12. The State has placed before us the applications of 95 candidates who failed to get the nominations. These are stitched in file. There is a note by the Private Secretary to the Chief Minister pointing out the candidates who either do not fulfil the minimum eligibility condition of having obtained at. least 50 per cent marks in the qualifying examinations mentioned in the prospectus, or have not cared to mention the marks obtained by them in such examinations. Another Private Secretary to the Chief Minister has made the following endorsement:
'C. M. has seen all the applications and discussed their merits. Taking into account all the circumstances, he has decided that the following candidates are the most deserving for being nominated out of his discretionary quota in the public interest;
1. Shri Hirak Das Gupta.
2. Shri Pravin Rai, and
3. Shri Kavinder Lal.
Please issue a letter at once to the Principal Medical College, conveying the C. M.'s nomination. Candidates' applications be also forwarded.
I find that the applications are placed loose in the file. After letter is issued, these may be numbered serially and the file be recorded.'
The first as well as the second note are dated 2nd September, 1982.
13. Before we note the rival contentions of the parties, we may refer to the return of the State on this aspect. It may be repeated that before the Chief Minister made the nominations, Civil Writ Petition No. 201 of 1982 had been filed. In para 16 of this petition a challenge was made to the reservation of three seats to the nominees of the Chief Minister. The challenge is:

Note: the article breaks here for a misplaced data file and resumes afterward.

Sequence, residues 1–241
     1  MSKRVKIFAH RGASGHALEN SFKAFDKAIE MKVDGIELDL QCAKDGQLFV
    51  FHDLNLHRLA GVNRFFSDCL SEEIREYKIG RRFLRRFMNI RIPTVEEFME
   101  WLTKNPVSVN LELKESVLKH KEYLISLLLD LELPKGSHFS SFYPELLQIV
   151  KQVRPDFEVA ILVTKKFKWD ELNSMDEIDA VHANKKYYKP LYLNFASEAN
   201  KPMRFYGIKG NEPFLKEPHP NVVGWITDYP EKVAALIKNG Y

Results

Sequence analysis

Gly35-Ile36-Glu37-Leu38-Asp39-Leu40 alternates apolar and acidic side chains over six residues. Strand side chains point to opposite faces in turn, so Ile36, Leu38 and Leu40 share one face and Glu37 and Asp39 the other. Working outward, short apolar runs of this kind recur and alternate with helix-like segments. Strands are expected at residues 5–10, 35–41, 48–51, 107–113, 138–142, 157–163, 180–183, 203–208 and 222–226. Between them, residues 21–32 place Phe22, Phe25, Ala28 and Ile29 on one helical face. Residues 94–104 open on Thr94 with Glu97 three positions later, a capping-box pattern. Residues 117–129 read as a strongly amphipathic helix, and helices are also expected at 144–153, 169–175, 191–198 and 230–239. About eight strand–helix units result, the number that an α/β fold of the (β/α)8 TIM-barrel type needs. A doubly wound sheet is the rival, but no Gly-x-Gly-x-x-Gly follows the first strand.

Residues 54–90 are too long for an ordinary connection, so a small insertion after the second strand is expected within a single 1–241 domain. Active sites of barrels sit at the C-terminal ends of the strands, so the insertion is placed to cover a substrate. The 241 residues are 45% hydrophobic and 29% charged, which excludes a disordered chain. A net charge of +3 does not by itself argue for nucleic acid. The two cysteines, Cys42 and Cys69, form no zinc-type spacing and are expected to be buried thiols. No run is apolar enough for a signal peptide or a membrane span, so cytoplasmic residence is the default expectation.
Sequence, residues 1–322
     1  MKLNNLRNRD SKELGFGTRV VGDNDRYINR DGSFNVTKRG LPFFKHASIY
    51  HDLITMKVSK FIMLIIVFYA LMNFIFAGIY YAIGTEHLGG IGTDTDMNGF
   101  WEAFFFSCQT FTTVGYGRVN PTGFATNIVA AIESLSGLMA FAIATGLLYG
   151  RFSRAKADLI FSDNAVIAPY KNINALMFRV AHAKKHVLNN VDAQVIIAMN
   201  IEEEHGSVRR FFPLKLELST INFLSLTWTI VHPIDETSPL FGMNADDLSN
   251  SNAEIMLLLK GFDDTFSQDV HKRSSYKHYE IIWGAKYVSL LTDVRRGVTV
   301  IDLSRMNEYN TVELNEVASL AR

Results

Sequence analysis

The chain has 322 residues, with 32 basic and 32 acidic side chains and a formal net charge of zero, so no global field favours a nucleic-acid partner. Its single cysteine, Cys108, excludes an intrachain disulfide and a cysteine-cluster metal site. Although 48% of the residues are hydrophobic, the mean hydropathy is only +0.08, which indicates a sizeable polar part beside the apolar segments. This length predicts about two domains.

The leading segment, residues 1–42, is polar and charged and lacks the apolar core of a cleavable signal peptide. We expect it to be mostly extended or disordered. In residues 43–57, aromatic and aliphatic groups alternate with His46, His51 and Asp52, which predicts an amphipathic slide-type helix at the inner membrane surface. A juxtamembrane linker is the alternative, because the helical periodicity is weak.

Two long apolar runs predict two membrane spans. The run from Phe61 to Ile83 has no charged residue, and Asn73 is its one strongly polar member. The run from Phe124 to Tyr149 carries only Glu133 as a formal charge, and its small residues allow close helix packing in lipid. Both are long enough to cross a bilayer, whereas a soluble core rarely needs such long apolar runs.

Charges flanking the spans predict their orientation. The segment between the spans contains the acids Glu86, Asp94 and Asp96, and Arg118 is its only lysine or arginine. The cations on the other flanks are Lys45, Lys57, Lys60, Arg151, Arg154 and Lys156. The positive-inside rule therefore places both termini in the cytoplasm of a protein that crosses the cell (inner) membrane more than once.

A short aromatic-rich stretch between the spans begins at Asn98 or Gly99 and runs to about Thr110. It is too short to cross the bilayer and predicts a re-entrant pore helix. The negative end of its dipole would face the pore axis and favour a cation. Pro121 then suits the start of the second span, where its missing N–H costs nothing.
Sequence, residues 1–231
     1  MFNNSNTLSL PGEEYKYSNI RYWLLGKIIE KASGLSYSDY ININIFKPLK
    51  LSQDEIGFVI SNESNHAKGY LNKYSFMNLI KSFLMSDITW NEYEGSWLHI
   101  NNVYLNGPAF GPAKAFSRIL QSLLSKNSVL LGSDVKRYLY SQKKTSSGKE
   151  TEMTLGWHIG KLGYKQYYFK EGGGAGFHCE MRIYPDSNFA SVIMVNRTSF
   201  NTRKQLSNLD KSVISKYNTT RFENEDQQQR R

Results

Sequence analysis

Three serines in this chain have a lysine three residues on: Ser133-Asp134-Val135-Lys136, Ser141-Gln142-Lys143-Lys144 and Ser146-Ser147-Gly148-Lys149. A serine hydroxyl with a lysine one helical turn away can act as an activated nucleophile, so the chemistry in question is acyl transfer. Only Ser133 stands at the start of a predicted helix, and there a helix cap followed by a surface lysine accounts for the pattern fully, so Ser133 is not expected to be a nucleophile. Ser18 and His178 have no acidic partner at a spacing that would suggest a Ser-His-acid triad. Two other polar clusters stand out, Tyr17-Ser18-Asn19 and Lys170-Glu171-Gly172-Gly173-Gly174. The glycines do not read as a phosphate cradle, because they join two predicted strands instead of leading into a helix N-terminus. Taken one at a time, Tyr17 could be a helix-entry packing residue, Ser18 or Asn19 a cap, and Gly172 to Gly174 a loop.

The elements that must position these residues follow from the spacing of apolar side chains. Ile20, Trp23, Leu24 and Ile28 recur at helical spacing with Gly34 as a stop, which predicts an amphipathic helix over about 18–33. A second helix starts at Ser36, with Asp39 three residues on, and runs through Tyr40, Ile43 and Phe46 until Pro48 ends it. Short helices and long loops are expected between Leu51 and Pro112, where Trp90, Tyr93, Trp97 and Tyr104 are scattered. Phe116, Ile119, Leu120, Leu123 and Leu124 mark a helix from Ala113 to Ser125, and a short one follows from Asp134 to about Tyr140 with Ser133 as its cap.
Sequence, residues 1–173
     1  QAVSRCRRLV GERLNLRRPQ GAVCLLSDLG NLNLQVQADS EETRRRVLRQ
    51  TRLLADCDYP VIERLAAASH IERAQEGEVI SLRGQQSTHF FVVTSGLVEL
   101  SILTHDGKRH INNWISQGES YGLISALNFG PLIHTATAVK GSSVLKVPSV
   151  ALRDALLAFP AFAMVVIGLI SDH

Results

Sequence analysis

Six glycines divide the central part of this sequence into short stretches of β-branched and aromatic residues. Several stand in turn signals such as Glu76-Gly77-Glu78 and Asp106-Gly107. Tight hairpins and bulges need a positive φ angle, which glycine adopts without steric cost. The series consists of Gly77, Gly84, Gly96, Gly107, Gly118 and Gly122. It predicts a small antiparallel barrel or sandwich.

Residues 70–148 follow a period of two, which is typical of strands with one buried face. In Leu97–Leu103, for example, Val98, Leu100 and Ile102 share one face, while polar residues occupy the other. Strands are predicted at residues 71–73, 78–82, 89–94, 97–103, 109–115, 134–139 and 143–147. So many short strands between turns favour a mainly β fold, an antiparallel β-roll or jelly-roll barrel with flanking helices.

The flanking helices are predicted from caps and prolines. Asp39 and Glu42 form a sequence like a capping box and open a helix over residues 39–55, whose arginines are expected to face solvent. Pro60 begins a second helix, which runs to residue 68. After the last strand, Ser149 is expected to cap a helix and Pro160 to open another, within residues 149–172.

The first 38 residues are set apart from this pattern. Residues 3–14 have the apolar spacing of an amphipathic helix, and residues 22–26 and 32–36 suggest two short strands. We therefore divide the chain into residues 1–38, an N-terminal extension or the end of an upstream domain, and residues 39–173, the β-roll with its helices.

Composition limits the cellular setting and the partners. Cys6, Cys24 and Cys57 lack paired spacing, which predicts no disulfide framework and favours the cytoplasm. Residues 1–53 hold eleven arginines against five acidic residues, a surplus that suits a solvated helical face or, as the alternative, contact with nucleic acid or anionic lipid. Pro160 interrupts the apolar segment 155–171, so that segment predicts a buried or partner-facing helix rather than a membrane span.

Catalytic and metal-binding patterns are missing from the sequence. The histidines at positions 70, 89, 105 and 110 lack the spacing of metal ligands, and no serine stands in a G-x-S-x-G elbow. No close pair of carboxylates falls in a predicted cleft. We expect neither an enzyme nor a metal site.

'No guidelines have been laid in the manner the discretion is to be utilised. The power is vulnerable to favour undeserving candidates and politicians ... ... ... ... ... the language giving power for nomination to the Chief Minister is much too vide capable of being so interpreted as to authorise the Government to show favour to particular individuals and to admit them.' In the counter-affidavit the State submitted :
'The reservation made against the quota of Govt. of India and Hon'ble Chief Minister is good, because it is on reciprocity basis and for maintaining good neighbourly relations with other States and with those countries maintaining cultural and educational affinity with India.'
14. After the nominations had been made by the Chief Minister, the petitioner amended his writ petition to challenge the nominations. A new para 16-A was added and it was submitted that Kavinder Lal and Hirak Dass Gupta, who had competed with the petitioner, had secured very low marks. It was also stated that 'persons who wield political influence and have obliged the Hon'ble Chief Minister have been nominated.' It was submitted that the nominations are liable to be quashed 'inasmuch as there arc no guidelines laid down for the exercise of this discretionary power which is vulnerable to political and other influences at the instance of political big-wigs and persons holding influences in the Government for various reasons. In the manner in which the nominations have now been made by the Chief Minister itself demonstrate the abuse of power and sacrifice of meritorious persons in preference to undeserving wards of persons who have influence with the Government and have been granted admissions through the backdoor.'